Remembering my summers of ’61 and ’62 with music

Tonight I came across a box of about 150 old 45 RPM records that I had not listened to for a very long time.  I ended out picking out several that were songs I listened to in my early teen years – pre-Beatles – from the summers of 1960 to 1962.

They reminded me of warm summer nights at our cottage at Bluewater Beach on the outskirts of Goderich, Ontario.   My friends and I would gather in the evening on a piece of dirt behind the Nothof family cottage and set a record player in the window so we could hear. We would dance to the same few records over and over. And over.

There was a restaurant on the highway that had a Juke Box and every month some guy would come and change the records.  We would find out when he was coming and ride our bikes out to the restaurant and he would sell us the records he was replacing for a quarter.  Treasures.

Tonight when I listened to Elvis singing I Can’t Help Falling in Love with You I could close my eyes and sway and sing the words and re-live dancing huddled over Ruth Ann Nothof.   Where is she now?

The music brought back such vivid memories. Almost sixty years ago and the recollection is as clear as a bell.  I still know all the words and even know where each little scratch is on the record.  Several of the records have little pieces of adhesive tape with my name written on them.  My writing has not changed that much in all those years.

What a treat (on the eve of my 71st birthday) to spend an hour or two with this music.  And to remember these moments from my youth.  Could be yesterday.


Here are just a few of the songs I listened to.  Do you remember any of these?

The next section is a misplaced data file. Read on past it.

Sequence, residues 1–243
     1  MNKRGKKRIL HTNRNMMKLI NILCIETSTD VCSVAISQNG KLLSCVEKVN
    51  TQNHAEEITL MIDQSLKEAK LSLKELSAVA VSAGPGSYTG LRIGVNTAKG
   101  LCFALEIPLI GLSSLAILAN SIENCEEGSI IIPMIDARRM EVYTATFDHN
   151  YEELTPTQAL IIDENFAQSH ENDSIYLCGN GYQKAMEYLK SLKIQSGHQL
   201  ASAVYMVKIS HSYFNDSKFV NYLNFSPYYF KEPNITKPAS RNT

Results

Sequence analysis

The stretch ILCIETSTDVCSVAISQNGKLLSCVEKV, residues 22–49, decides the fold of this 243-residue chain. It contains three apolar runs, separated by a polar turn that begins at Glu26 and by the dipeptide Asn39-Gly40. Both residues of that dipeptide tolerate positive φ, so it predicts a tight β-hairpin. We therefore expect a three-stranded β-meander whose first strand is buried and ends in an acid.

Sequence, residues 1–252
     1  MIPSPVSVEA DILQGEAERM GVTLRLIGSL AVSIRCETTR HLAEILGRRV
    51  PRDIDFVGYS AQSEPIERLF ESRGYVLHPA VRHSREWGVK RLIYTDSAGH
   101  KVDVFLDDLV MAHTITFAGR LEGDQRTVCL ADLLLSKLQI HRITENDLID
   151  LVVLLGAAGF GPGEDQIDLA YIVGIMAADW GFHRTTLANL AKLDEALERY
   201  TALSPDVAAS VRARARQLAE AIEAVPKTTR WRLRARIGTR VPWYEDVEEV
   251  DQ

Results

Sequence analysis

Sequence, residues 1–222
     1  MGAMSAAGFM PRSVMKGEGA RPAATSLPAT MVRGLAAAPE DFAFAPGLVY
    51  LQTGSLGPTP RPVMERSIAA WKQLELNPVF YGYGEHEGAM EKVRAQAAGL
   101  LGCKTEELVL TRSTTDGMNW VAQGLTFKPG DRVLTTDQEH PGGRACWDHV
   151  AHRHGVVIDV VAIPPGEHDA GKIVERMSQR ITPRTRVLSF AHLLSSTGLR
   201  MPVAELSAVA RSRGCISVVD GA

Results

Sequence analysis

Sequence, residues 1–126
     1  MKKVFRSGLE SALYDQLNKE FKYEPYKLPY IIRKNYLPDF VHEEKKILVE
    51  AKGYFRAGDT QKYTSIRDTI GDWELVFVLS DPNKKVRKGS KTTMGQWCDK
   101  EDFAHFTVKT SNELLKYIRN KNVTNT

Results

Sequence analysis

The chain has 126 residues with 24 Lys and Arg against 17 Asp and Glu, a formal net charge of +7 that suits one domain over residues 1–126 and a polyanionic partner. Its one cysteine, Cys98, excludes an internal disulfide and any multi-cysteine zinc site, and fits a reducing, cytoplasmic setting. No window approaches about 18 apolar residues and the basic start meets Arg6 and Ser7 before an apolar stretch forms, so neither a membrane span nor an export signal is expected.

Check them out below.

Roy Orbison – Crying – July 1961

Elvis Presley – I Can’t Help Falling In Love with You – October 1961

Freddy Cannon – Palisades Park – April 1962

Don Gibson – Sea of Heartbreak – July 1961

Beach Boys – Surfin’ Safari – October 1962

Ricky Nelson – Today’s Teardrops – March 1962

Everly Brothers – Til I Kissed You – January 1960

Del Shannon – Runaway – January 1962


Smiles and tears – Remembering Dennis

I love visiting schools in Africa. The kids are so warm and friendly and joyous and welcoming.  No exception last month when 20 CanAssist supporters visited 10 schools in Kenya  and Uganda on our expedition to CanAssist associate communities.

Our last stop was at Hope for Youth School near Mukono, Uganda.   It was so much fun.  Even though the school was not open yet after a winter break, students (past and present) and teachers and community members came out to greet us and, once again, we were feted with song and dance and even a skit about how CanAssist is helping with latrines and sanitation in Africa.

We were all up dancing and clapping, lead by a young fellow who was a recent graduate of Hope for Youth and now in high school.  With drumming by the students and Dennis Sserugo rhythmically blowing on a whistle we hooted and clapped and danced together. It was joyous.

We were saddened to learn from the school that Dennis was been killed this week in a motor vehicle accident.

Hello John,

With deep sorrow I bring to you sadDennis1_edit news of the passing away o our dear student Dennis Sserugo, the boy who was blowing the whistle in the traditional dance during your recent visit. He was studying in Secondary school and was being sponsored by on family in Nanaimo.

He was hit by a speeding taxi that swayed off the road as he was walking to school with his friends in the morning hours. The taxi ran off and they could not trace it. He did not die instantly, so uncle David, our school administrator did everything possible to rescue Dennis by taking him to Mukono health center where they could not handle him. They referred them to Mulago main referral hospital in Kampala and they were recommended to use an ambulance. Immediately they reached Mulago hospital, Dennis was pronounced dead from internal breeding.

As you may have some knowledge about our systems, getting a car from our village to Mukono health center, then the process of getting an ambulance and the distance from Mukono to Kampala with the usual traffic jam on the roads, you could really see that probably, he would have survived.